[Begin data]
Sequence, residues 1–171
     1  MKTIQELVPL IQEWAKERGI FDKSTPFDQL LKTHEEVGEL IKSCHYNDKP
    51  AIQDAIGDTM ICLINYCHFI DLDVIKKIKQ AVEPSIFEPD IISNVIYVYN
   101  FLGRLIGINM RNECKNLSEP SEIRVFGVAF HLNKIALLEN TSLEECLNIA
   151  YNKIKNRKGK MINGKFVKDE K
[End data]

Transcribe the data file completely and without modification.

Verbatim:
Sequence, residues 1–171
     1  MKTIQELVPL IQEWAKERGI FDKSTPFDQL LKTHEEVGEL IKSCHYNDKP
    51  AIQDAIGDTM ICLINYCHFI DLDVIKKIKQ AVEPSIFEPD IISNVIYVYN
   101  FLGRLIGINM RNECKNLSEP SEIRVFGVAF HLNKIALLEN TSLEECLNIA
   151  YNKIKNRKGK MINGKFVKDE K